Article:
It is a testament to the psychological power of financial bubbles that people who know and trust me and generally accept the analysis I’ve put forth in my writings over the last decade are jumping into the stock market again with a pledge that they are in for the long term–no matter what.
By now you’d think we’d be planning cautiously and conservatively for America’s energy future. But thanks to the federal government’s latest report on domestic energy, most everyone is again assuming that there’s plenty of oil and nothing to worry about. Here’s why it’s dangerously wrong.
How are we going to meet the challenge of functioning without fossil fuels?
A midweek update. Oil prices, which had remained relatively steady since the end of last week, plunged on Wednesday after the EIA released its weekly stocks report showing a 6.8 million barrel increase in US crude stocks – more than four times what analysts had been expecting.
A Canadian family physician’s take on peak energy, peak food and peak population: "I became aware of peak oil five years ago, and since then I have been struggling to integrate this knowledge into my medical practice and family life."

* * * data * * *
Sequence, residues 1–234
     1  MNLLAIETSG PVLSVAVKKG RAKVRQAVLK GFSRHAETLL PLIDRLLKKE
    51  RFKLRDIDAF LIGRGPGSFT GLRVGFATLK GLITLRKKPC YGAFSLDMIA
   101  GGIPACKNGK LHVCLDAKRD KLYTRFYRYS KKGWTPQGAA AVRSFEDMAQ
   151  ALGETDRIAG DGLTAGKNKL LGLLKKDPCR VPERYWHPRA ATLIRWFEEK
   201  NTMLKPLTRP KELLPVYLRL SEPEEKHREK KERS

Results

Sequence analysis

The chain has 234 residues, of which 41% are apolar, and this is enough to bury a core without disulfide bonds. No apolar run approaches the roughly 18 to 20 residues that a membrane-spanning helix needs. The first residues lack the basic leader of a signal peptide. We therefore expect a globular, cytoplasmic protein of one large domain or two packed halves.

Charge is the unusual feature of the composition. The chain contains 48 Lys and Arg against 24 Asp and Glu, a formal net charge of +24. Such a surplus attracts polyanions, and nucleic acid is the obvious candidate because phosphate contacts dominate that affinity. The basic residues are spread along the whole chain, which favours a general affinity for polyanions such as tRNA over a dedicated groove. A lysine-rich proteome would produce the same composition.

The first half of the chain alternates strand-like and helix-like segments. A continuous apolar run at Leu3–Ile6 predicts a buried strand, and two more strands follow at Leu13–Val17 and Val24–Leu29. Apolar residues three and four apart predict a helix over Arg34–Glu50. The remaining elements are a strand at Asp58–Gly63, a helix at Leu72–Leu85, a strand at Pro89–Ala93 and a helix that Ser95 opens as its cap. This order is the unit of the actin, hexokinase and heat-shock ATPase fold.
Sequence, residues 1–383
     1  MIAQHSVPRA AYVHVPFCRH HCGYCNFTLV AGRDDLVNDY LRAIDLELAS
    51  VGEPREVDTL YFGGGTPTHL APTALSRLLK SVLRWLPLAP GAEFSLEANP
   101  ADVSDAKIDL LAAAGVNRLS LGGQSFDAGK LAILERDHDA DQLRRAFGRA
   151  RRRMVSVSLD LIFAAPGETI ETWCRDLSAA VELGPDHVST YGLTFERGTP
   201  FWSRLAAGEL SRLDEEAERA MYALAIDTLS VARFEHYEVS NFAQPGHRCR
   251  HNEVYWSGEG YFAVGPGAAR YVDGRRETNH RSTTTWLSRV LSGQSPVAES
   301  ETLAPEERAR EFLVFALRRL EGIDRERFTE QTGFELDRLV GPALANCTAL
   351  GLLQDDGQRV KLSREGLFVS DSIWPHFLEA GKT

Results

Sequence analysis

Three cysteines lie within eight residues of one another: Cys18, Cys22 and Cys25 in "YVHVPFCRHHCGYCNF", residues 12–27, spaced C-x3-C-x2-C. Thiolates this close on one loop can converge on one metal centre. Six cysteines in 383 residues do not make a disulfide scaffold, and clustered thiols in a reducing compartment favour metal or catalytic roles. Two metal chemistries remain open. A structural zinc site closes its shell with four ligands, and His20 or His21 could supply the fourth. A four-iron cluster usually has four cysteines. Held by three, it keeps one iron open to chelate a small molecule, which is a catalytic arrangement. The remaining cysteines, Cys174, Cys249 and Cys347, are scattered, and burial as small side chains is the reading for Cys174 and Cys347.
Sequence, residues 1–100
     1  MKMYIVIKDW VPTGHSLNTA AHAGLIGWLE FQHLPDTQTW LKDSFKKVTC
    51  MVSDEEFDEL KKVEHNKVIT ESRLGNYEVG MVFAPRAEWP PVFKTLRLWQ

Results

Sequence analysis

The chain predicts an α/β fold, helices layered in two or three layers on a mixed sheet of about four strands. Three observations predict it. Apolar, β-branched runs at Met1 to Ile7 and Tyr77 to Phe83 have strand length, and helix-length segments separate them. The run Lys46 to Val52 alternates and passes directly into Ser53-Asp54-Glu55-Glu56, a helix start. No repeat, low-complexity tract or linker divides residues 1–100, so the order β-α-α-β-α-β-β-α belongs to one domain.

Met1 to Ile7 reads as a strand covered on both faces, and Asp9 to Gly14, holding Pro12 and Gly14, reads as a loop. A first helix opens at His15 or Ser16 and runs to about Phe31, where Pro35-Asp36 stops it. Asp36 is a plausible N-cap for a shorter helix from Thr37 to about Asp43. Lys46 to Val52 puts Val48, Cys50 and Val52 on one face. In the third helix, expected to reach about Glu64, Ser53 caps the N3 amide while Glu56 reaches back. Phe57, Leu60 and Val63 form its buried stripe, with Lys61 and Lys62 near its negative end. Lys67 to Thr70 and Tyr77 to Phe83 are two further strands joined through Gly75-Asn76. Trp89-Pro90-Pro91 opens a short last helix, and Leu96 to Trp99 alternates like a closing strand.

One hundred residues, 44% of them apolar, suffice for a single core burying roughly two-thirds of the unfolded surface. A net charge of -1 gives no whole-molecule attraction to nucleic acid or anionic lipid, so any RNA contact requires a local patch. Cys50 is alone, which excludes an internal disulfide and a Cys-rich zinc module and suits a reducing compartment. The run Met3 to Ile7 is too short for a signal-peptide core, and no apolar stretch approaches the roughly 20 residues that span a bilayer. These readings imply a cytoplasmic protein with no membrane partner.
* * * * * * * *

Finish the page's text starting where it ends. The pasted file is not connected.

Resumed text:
Albert Bartlett might have been another obscure physics professor had he not put together a now famous lecture entitled "Arithmetic, Population and Energy"in 1969. The lecture begins with the line: "The greatest shortcoming of the human race is our inability to understand the exponential function."
With oil prices hovering near historic highs and coal, natural gas and uranium prices yo-yoing during the last several years, concerns about the future of fossil fuel and uranium supplies often elicit the response: "They’ll think of something. They always do."
Puerto Rico’s economy and population are shrinking and the island depends entirely on imported energy sources…maybe these facts made my official audience more receptive than most I’ve encountered.
I often find myself wondering where my life would be today had I not stumbled across The Oil Drum in 2005. I don’t know that I would still be writing today were it not for my early experiences with TOD readers. As TOD winds down, I thought I’d share my story, which I have not told before.
Eric Garza presents data on the energy costs of food in the United States, and links the high energy intensity of the US food system to recent food price volatility.
We knew Randy primarily through his crusade to bring honest discussion of America’s energy predicament into public dialog and policy. He co-founded the US chapter of the Association for the Study of Peak Oil in 2005 and spearheaded five highly touted and provocative energy conferences, creating for a few years the ultimate big tent for international energy thinkers.
Should concerns about "peak oil" focus on demand for oil rather than dwindling supplies of it? Yes, according to a new analysis.